Independent booksellers across the country have chosen Deepti Kapoor’s Age of Vice (Riverhead Books) as their top pick for the January 2023 Indie Next List.
Age of Vice follows the interconnected lives of three characters from Uttar Pradesh to New Delhi where love, family and friendship are impacted by corruption, wealth and violence in this crime thriller saga.
“A potent and moving crime drama set in India, Age of Vice takes a magnifying glass to the corruption and violence caused by wealth,” said Bennard Fajardo of Politics and Prose Bookstore in Washington, DC. “Sweeping in scope yet attuned to the minute details of everyday life, this is a novel that’s not to be missed.”
Here, Kapoor discusses her writing process with Bookselling This Week.
Bookselling This Week: Age of Vice spends most of the time in northern India, exploring a wide range of geographies such as farm lands, big cities, and poor villages. As someone who was born in Uttar Pradesh, where most of the story’s plot refers to, can you talk more about your process of writing and including your own reflections and experiences?
Deepti Kapoor: I am the second child, a girl, born into the most subordinate coupling of our family. My mother’s elder brother was a man who dominated everything, a lauded bureaucrat involved in the highest levels of governmental decision making. My mother’s elder sister married an engineer and moved abroad. My mother, the youngest, considered neither the most beautiful nor the most intelligent, considerations I would dispute, became the seemingly meek housewife to an intense man with a first-rate mind, hamstrung by his lack of English and his deeply impoverished background. From these two people came first my brother, who seemed to catch all the light, and I, who took the darkness. I had no special talents aside from watching and listening, but with these I learned our family histories, which all came from the state of Uttar Pradesh (UP).
My mother’s side was refined, educated, connected to the colonial authorities. It had its distant, unknowable God, my grandfather, a renowned police officer who brought a lot of wayward and violent men to justice, a master of disguise famed for his wars against local bandits. He drove fast, with bullets flying. It should come as no surprise, then, to hear that there’s a school built in his honor, on the exact spot where he died in a car chase at the age of thirty-five.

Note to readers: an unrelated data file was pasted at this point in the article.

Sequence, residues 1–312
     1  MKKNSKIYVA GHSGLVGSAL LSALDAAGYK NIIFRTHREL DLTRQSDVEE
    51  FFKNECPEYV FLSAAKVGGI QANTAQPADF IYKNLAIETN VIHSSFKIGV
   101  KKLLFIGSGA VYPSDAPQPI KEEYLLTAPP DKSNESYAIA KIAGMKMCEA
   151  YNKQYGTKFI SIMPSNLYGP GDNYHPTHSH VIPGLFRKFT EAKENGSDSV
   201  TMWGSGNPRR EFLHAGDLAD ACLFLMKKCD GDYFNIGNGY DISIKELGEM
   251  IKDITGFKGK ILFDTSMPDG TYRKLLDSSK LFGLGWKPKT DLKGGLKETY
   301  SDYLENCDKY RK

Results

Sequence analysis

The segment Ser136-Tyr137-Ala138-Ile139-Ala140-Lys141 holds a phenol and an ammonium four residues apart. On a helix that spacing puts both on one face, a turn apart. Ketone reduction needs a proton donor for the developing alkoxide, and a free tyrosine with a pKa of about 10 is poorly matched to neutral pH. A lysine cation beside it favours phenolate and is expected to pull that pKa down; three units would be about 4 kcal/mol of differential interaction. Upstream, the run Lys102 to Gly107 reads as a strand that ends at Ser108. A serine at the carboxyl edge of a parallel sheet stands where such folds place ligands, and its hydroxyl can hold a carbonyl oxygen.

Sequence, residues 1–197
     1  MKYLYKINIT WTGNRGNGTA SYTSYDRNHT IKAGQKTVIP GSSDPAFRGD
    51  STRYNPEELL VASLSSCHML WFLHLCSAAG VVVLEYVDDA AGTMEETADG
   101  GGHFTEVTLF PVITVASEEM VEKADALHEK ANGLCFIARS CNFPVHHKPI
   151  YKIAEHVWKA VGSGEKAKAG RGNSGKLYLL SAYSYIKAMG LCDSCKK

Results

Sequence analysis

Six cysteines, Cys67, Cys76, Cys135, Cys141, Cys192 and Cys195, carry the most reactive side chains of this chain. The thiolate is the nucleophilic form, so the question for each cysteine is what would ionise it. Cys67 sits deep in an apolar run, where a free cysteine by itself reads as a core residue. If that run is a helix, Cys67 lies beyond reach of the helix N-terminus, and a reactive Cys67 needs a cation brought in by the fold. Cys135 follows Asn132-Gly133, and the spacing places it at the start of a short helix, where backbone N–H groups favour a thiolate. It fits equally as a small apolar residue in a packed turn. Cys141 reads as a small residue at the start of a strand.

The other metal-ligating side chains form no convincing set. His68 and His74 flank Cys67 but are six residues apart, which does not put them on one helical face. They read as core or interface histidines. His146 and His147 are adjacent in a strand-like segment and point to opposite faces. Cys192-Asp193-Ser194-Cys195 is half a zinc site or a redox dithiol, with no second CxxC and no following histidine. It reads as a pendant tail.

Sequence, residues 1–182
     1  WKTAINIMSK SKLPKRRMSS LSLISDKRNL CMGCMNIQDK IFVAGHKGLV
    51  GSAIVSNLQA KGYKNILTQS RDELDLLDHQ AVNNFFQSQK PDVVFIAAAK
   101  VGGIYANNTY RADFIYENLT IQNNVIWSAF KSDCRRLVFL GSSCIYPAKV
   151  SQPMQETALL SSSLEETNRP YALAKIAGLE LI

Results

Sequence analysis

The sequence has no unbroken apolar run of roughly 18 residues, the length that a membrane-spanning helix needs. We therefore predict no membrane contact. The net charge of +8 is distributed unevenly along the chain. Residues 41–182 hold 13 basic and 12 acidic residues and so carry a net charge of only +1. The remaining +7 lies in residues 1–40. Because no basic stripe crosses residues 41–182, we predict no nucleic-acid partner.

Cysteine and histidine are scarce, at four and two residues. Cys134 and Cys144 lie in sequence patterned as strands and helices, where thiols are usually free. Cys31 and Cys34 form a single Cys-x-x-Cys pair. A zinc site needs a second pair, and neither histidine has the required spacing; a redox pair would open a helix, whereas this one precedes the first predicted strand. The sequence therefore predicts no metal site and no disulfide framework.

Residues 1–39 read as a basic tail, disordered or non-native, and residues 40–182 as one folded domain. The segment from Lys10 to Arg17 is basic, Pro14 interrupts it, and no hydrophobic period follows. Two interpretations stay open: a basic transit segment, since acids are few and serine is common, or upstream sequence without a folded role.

My grandmother, a housewife, was left widowed with three living children aged twenty-seven. Her father, a doctor, gave two options, easy and hard. Easy, become a teacher, hard, become a doctor like him. She chose hard, neglecting her children while she trained. In time she became the superintendent of a government hospital in a gangster town. That’s where I was born, delivered by her hand. That’s where I spent my summer holidays, listening to the cries of babies and mothers, and hearing the stories, like that of the gangster who would slip in at night to place a gun in his newborn son’s hand, to say “you are mine.”
My grandmother was as frightening and hard as any gangster herself. As time went by, she entered into a running battle with gangsters who became politicians who wanted to seize her hospital for themselves because it was prime commercial land. She never backed down, even at gunpoint. Any model for a tyrant, I take a pinch from her. The cold gaze, the emotional manipulation, the utterly cruel and ruthless tongue. The sliver of ice. She could have been a novelist, also.
Then there was my father’s side. I’m less connected to them. My father died when I was in college, and with him the cord was cut. But his own father was a tragic figure, who might now be considered bipolar or schizophrenic, but then was part office worker and family man, and part wandering holy man, when the spirit took him. When it took him, he took to the road, wandering and preaching, collecting followers, neglecting my father’s family, giving all their possessions away. My father grew up in this unstable poverty. Or at least, this is what I’m told.
With stories like these, how could I not write a novel like this?
About process though, I can’t say too much. It’s not something I particularly understand or analyze. I can make the calculations in my head and understand what feels right but beyond that it’s not something I can speak of. I’m not a systematized writer, not much of a detailed planner. I have notebooks where I plan things, hundreds of pages of unintelligible notes that I write once and never look at again. I think the process of note making is to capture thoughts on the page. Then later, when writing, some of the captives will scream up from the dungeons and if the wind is right maybe I’ll hear.
BTW: Each of the three main characters have their own vices that are ultimately killing them: obedience for freedom and safety for one’s family, love no matter the costs, and proving oneself to an impossible parent. Can you share more about how you crafted these characters and their motivations throughout the novel?